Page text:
Hometown Diplomat: Laura Livingston of Palm Beach, Florida
By Ron Hayes, Palm Beach Post Staff Writer
[Reprinted with Permission of Palm Beach Post]
July 5, 2002, WEST PALM BEACH--"The days when you can say, 'It happened in Upchuckistan' are over," Laura Livingston says. "It's all local now." Livingston, 50, is local in both the old and new senses of the word.
She grew up in Pleasant Ridge, a tiny unincorporated development between Palm Beach Gardens and Juno Beach, graduated from Palm Beach Gardens High School and taught English and speech for three years at Boca Raton High School.
And then, in 1976, her father urged her to take the foreign service exam. Now she visits Palm Beach County every year or so.
On June 14, she left Panama City, Panama, after four years as the Narcotics Affairs Section director at the U.S. Embassy there. On July 24, she takes up the same post in New Delhi, India.
In between, she's talking to anyone who will listen about the U.S. Foreign Service as part of Secretary of State Colin Powell's Hometown Diplomat Program, which urges foreign service officers to promote career opportunities when they're home.
The greatest perk, of course, is travel. Since joining the service in 1979, Livingston has served tours of duty in Kenya, Nigeria, Belgium, Venezuela, India and Washington. "There's the icky places and the not-so-icky places," she says. Icky places would be, for example, Kosovo, Sarajevo or Algeria.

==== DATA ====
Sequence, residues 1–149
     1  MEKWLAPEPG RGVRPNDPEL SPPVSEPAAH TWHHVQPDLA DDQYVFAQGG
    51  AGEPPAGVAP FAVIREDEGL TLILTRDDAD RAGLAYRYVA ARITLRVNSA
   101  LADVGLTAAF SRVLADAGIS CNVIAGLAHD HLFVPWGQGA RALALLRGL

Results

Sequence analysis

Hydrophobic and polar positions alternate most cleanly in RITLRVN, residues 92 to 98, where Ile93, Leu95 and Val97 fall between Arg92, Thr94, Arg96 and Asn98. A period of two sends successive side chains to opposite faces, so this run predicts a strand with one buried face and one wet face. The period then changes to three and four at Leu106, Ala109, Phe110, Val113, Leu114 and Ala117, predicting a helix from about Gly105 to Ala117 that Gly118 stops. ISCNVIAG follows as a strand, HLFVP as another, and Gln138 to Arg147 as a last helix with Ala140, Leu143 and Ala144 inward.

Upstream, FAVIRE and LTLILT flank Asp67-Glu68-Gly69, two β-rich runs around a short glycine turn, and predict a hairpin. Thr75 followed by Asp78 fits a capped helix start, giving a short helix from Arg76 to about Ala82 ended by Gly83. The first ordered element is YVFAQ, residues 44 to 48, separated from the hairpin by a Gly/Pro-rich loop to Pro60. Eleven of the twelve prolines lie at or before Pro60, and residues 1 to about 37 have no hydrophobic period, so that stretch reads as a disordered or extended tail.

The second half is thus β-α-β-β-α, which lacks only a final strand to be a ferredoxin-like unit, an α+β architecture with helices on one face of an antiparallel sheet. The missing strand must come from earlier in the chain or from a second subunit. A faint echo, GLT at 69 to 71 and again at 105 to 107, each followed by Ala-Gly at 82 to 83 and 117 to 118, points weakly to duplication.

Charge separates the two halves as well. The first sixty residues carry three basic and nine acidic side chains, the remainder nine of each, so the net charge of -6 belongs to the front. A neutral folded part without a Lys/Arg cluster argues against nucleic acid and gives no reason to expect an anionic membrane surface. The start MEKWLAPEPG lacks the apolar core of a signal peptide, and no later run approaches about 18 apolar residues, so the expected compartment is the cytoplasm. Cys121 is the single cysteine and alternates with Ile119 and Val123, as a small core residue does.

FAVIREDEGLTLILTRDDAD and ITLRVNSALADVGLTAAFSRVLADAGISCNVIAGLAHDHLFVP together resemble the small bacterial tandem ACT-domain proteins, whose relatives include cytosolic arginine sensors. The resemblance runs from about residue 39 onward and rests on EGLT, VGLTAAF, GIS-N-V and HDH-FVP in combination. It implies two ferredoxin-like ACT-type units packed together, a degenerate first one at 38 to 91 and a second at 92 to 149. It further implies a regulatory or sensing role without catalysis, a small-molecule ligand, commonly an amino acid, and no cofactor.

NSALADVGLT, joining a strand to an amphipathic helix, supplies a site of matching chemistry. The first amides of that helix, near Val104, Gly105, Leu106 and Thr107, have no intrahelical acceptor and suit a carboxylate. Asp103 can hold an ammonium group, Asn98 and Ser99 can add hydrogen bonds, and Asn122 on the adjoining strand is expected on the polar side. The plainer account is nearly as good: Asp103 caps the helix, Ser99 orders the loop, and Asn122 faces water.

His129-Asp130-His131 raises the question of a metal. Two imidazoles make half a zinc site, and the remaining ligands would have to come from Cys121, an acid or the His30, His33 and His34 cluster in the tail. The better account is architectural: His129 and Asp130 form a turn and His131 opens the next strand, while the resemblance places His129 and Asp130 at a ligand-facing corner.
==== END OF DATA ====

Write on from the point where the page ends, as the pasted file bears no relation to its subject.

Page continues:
"My ickiest assignment was Caracas, Venezuela," she remembers. "We went six months once without water. My apartment building bought trucks of water and turned it on for 15 minutes, three times a day."
Her favorite assignment was Calcutta, India. "Have you ever been to someplace and said, 'This is it, I'm home?' " she asks.
A chatty woman, Livingston looks more like the college debate coach she'd planned on becoming than the director of a narcotics division in U.S. embassies. She doesn't look the type to pack a gun, and she doesn't. "I'm not operational!" she laughs, "I'm programs and policy."
Does Panama's version of the Drug Enforcement Administration need $31,000 worth of furniture? They come to Livingston. Can four Panamanian drug agents get $3,000 to attend a U.S. training course in Bolivia? She works it out. "We provide law enforcement assistance to host countries through agreements either through that country's foreign ministry or individual ministries," she recites.
And when Panamanians came to sign a sympathy book in the days after Sept. 11, Livingston volunteered to greet them. "It's not supposed to happen in America," she says. "That's why we're over there." The diplomatic reaction was immediate.
"We'd been trying to get the Panamanian government to close a nearby street that was open to vehicular traffic," she recalls. "Within hours after the attacks that street was closed, and it still is."
She lives a rich life but has not gotten rich living it. "Put it this way," she says. "In 1999 I bought a 1997 Toyota RAV4, which replaced my 1991 Toyota Tercel."
But the government pays for her trips home to Palm Beach County, where she rents a condo and visits her mother. Has she been to CityPlace yet? "What's CityPlace?" the world traveler asks. "Oh, that thing downtown? When I was growing up, the Palm Beach Mall was it. Palm Beach Mall was the most exciting thing that ever happened to me."